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LENEXA, Kan. – Several health departments and companies across the Kansas City metro are seeing a higher demand for COVID-19 tests.

Clinical Reference Laboratory is tracking three times the number of tests they saw in June.

They have a take-home test to you can buy and get the results back in 24-48 hours.

Dr. Heather Fehling believes the Delta variant is driving the increase.

“We’re seeing about 98% of our cases come back as the Delta variant,” Fehling said. “So, these samples do tend to have higher viral loads, increase transmissibility compared to what we were seeing previously. Hence, the increase.”

More cases equals more testing.

“Demand has dramatically increased,” Jackson County Health Department Communications Coordinator Mariah Cox said.

Cox said they offer COVID-19 testing twice a week in Lee’s Summit. The Kansas City Health Department covers testing the other three weekdays.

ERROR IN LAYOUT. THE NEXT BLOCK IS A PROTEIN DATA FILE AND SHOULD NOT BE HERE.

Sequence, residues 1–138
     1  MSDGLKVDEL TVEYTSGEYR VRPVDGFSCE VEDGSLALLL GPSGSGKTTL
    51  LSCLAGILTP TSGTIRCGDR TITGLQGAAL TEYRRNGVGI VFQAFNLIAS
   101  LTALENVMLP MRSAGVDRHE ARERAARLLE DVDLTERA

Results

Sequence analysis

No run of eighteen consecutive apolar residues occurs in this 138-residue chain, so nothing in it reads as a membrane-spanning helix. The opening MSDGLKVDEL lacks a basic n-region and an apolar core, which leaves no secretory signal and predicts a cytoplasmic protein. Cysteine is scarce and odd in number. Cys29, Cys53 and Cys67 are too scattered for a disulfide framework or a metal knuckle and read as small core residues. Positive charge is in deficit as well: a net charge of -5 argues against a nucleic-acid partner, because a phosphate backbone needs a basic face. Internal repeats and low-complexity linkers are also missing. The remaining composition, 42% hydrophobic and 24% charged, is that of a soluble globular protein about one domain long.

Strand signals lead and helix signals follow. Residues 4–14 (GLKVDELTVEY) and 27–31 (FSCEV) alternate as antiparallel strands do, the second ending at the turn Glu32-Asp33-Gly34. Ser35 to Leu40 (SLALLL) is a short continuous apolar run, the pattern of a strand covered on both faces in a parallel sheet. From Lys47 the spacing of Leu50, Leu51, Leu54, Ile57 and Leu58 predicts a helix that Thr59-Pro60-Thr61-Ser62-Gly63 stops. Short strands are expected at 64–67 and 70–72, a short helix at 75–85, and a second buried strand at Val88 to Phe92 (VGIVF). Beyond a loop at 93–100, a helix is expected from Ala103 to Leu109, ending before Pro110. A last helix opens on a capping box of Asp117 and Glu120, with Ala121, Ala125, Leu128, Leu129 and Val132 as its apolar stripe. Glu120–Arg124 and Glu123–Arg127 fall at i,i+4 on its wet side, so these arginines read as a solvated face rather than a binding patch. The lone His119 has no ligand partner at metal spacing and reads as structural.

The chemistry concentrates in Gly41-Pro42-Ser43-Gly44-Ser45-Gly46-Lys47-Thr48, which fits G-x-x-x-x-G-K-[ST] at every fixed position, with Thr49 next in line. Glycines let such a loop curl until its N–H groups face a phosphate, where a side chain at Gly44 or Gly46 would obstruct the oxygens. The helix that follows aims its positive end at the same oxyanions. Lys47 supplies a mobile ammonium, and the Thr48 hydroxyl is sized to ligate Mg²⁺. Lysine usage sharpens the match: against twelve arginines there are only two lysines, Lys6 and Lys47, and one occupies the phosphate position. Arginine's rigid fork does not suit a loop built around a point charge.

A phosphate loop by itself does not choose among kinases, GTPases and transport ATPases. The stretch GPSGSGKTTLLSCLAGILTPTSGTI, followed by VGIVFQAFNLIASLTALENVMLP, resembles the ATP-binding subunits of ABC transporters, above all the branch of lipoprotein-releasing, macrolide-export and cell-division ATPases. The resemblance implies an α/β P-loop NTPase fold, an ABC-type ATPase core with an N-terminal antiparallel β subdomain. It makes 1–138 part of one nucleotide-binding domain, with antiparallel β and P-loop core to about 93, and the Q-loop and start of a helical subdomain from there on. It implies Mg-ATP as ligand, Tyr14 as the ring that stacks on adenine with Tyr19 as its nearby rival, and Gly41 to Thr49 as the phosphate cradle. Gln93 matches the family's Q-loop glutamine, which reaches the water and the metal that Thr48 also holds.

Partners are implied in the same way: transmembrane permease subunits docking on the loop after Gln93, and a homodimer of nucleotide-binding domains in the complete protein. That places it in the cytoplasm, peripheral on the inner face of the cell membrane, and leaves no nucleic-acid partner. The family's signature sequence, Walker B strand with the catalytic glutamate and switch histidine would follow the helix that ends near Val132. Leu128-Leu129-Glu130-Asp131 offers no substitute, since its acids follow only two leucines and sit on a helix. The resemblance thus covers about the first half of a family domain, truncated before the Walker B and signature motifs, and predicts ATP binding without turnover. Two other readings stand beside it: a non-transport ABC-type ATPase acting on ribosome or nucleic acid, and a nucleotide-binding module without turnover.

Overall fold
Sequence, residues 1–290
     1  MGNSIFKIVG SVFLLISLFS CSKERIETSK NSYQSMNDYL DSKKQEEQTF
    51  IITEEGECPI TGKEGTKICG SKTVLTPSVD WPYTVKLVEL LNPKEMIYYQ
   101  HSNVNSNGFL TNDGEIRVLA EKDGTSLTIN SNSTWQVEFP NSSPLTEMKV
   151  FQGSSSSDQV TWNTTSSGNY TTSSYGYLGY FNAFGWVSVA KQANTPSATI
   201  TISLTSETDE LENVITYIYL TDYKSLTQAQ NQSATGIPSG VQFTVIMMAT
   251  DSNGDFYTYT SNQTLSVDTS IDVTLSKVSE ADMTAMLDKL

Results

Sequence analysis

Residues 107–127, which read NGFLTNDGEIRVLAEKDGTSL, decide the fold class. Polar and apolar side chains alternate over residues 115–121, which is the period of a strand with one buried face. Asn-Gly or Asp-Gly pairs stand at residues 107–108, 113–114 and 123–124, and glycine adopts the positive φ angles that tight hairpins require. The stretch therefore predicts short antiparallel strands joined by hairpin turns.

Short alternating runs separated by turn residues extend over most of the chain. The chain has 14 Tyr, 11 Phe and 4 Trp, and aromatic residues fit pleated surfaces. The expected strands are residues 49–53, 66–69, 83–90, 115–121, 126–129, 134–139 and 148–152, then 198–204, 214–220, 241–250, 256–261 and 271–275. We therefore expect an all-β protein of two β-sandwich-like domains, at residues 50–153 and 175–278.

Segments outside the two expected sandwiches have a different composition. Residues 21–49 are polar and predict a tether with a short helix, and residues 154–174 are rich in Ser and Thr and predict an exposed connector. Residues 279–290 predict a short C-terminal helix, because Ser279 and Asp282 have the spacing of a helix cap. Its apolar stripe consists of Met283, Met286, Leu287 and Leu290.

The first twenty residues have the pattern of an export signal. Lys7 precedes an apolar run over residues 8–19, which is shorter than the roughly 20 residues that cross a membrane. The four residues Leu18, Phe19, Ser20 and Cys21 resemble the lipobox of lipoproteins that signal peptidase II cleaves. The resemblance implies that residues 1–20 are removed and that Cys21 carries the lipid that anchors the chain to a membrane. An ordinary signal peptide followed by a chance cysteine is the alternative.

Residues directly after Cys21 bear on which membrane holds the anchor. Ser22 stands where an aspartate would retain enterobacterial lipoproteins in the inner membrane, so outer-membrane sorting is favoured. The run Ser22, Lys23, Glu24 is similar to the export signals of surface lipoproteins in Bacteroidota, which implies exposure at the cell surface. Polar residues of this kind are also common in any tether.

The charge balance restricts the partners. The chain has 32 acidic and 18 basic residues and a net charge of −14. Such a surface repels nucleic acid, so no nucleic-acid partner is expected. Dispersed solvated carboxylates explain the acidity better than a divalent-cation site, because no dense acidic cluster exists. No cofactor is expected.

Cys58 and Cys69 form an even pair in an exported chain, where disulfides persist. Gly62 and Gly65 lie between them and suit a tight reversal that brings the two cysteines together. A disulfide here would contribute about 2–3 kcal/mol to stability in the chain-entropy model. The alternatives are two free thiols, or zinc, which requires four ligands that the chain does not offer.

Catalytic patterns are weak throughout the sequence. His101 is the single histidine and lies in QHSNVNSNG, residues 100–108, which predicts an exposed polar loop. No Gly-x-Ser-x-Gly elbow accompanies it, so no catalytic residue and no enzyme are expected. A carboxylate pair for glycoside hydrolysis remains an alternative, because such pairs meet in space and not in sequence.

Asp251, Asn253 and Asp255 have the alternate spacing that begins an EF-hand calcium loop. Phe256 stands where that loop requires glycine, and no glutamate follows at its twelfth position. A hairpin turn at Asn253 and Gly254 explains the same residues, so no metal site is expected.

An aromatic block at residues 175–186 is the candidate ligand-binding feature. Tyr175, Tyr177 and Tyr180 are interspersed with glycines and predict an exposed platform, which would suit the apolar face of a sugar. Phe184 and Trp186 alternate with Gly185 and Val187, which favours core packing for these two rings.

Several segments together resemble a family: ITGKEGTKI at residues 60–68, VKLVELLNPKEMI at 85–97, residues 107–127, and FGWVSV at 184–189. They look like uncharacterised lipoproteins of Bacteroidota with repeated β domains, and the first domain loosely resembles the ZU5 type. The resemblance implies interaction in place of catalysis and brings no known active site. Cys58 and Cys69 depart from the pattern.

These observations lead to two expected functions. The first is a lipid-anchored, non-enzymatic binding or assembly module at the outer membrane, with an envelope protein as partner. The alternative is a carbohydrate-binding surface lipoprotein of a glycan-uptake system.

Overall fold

Last month, Jackson County sites only saw 30-40 people a week. That number has now increased to nearly 400.

Cox said it all puts a strain on the health departments.

They’re doing test, vaccination clinics, contact tracing and back to school shots.

“Once back to school immunization clinics are over, we will add additional testing clinics,” Cox said.

Johnson County is seeing a rapid increase in testing, according to Health Services Division Director Stacie Province.

They’ve gone from one testing clinic a week to three, and the number of people tested in a day has more than tripled.

“It is good people are getting tested,” Province said. “Even individuals that have been vaccinated if they’re symptomatic we do recommend testing.”

The Kansas City Health Department said access to testing is once again a problem.

There are fewer testing stites, as health clinics and pharmacies shifted to vaccine clinics.

CVS said COVID-19 home test kits are the top-selling items in their stores.

They’ve seen an increase in rapid PCR testing and say they’re capable of keeping up with demand.

With the increase in cases, Province said it’s a challenge for health departments across the metro to keep up with contact tracing.

“So, we are prioritizing children 12 and under, who are at greater risk since they are unable to get vaccinated. And also, those school aged kiddos under age 18,” Province said. “Just to make sure that we are catching any cases in those schools and daycares and appropriately contact tracing those cases.”

Children’s Mercy launched a new page on their website for people to schedule times to get tested for COVID-19. They are no longer accepting walk-ins.

Families can schedule and select a location here.